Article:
Jake Tucker . Tournaments . Tuesday 24th October 2017 . 14:44
Blizzard have unveiled changes to their Heroes of the storm HGC event, with the second year sticking closely to a lot of the format and culture of this years inaugural year, although with a few tweaks.
Here are some of the big changes, which will take effect when the HGC returns for year two on January 26, 2018.
Improvements to the viewing experience
In the 2018 season all HGC matches will be livestreamed at 60fps in 1080p for the best possible viewing experience for spectators. Broadcasts for the NA and EU HGC matches will be streamed in several other languages on official Blizzard-owned channels throughout the year. Blizzard haven’t yet outlined the full language of streams that will be covered, but plans to release the full list in the future, obviously before the kickoff of the 2018 season.
Changes to the league structure
The league is getting a slight shakeup next year. It will feature 32 teams, evenly spread throughout the four HGC regions of China, Korea, Europe and North America. The eight teams in each region will battle for ten weeks ahead of the Mid-Season Brawl, running for another five weeks before breaking for the eastern teams to compete in the Eastern Clash while the western teams will come together in the Western Clash. This will then loop around for the second half of the year, capped off with the HGC finals which will likely take place at Blizzcon again.
One change will see winners of the Clash events securing an extra spot for their home region in the next Mid-Season Brawl or HGC event, meaning that if EU outfit Team Dignitas were to triumph over NA team Roll20, Europe would have one extra team competing at the next international event.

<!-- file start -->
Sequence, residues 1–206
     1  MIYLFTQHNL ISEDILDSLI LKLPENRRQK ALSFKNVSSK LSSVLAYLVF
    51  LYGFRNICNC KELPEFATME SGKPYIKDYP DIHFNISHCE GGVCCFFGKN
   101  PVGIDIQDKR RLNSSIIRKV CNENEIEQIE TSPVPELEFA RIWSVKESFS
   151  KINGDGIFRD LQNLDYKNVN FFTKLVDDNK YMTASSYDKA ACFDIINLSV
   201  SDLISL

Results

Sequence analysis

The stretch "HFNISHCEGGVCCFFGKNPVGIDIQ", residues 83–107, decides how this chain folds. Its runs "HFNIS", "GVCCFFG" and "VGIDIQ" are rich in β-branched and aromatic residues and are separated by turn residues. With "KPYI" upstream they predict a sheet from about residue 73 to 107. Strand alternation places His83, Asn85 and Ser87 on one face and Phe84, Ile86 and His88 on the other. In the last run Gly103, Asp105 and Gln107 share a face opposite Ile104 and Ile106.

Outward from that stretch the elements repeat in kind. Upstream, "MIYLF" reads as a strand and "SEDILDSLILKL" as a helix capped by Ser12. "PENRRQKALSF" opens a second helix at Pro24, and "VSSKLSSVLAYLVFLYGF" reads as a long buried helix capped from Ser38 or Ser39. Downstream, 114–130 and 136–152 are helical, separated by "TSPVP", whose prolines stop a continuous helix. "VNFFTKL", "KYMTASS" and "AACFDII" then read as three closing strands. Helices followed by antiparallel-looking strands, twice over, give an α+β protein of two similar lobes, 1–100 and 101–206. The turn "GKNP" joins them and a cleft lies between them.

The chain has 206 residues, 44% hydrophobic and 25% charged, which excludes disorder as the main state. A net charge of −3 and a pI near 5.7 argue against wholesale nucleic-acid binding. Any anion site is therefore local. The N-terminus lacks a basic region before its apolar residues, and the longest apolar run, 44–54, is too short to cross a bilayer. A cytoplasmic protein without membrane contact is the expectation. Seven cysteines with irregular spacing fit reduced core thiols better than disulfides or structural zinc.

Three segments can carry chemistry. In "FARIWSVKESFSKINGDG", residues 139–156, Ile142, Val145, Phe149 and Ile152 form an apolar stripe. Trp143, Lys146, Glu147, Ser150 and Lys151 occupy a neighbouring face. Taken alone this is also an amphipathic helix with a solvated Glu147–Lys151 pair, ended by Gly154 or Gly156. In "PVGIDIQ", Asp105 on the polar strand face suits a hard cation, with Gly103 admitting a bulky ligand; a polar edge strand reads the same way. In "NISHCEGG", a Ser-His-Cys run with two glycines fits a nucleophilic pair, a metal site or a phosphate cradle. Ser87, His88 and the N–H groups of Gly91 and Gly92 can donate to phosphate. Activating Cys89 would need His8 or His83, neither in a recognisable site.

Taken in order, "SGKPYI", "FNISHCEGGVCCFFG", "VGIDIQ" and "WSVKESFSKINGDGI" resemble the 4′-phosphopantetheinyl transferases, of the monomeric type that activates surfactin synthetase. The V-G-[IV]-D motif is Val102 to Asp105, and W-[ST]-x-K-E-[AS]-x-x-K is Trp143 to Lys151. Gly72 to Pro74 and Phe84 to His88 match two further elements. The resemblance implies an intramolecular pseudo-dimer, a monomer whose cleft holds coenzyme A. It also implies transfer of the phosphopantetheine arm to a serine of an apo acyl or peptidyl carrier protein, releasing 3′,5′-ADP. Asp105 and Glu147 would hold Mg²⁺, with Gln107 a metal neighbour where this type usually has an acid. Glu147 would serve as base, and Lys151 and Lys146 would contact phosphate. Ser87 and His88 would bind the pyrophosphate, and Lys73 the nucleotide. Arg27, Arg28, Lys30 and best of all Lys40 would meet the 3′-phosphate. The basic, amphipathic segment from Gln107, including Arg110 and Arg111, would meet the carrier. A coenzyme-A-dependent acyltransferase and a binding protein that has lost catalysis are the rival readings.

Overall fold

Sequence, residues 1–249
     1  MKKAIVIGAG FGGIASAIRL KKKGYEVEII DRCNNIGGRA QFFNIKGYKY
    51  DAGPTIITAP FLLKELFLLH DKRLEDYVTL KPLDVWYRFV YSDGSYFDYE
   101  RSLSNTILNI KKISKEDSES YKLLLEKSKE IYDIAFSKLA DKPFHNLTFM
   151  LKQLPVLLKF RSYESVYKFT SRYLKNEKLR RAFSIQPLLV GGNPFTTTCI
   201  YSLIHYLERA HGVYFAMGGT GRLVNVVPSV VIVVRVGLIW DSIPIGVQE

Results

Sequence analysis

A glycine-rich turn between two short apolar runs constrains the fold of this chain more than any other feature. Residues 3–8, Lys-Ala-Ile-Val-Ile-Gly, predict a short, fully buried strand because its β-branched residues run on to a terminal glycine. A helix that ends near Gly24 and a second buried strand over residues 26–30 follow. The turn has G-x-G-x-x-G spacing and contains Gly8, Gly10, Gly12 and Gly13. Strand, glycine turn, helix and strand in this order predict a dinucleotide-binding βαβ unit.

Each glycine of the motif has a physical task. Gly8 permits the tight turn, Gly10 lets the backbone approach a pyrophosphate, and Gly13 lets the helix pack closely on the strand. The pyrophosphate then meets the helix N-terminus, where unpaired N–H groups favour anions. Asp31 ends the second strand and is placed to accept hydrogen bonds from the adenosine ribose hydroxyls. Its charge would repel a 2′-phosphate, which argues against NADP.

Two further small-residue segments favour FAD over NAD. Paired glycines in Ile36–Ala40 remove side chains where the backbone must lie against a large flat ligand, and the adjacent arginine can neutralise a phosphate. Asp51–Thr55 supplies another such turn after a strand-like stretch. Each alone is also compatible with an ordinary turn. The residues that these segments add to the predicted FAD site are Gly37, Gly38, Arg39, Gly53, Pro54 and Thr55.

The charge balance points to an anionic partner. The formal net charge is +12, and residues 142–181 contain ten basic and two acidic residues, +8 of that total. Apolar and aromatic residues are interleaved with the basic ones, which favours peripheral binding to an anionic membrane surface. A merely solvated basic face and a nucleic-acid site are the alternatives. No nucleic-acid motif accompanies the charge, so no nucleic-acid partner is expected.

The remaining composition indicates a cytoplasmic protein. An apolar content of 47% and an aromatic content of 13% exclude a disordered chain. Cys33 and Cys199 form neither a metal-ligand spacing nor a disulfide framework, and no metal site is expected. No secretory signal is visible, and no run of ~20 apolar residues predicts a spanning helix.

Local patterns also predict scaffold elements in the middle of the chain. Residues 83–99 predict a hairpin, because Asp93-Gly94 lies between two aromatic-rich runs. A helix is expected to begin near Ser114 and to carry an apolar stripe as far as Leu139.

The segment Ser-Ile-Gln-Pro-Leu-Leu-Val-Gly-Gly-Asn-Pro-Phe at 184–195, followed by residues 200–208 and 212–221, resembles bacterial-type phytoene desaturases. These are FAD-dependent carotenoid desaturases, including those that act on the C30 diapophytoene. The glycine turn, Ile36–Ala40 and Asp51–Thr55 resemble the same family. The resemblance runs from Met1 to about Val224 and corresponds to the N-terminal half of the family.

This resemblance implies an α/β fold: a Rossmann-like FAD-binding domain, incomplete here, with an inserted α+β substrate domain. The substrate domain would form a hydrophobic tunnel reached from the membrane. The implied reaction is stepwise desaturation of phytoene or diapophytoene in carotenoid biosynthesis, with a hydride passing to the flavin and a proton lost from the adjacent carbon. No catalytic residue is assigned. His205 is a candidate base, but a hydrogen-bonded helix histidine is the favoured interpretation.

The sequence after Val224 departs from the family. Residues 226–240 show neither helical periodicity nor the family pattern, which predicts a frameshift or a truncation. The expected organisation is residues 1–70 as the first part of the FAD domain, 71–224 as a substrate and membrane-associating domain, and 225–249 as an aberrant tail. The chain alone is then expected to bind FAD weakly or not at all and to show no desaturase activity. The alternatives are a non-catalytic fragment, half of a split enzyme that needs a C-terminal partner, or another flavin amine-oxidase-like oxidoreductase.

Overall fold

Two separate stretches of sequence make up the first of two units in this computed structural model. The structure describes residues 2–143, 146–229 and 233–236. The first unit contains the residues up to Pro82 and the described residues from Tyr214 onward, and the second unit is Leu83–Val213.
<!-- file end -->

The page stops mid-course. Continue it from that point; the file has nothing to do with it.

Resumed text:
If you’re outside of the main HGC regions, there will be dedicated competitions that can get you a seat at the table for the Mid-Season Brawl or HGC Finals. This includes competitors from Latin America, Australia and New Zealand, Taiwan and Southeast Asia. This will mean competition to secure the Eastern Wild Card or Western Wild Card to earn a spot at the next global HGC global event.
Interestingly, these third party events for the regions not covered by the official HGC will be organised by local partners, meaning Blizzard are opening the door again for third party tournament providers to get involved with Heroes of the Storm.
More stringent rules on team ownership.
From 2018 moving forwards, the HGC will be requiring all of their teams to identify ownership that will be responsible for fielding a competitive roster, managing their teams operations and working within the HGC league office to ensure everything between the team and Blizzard goes smoothly.
This will mean better opportunities on both sides for marketing and league planning, which in turn, according to Blizzard’s pretty release, will allow players to focus their attention on gameplay and the pressures that come with being a professional Heroes of the Storm player.
This is an interesting development for fans of the HGC and seems to be Blizzard making further steps towards sustainability.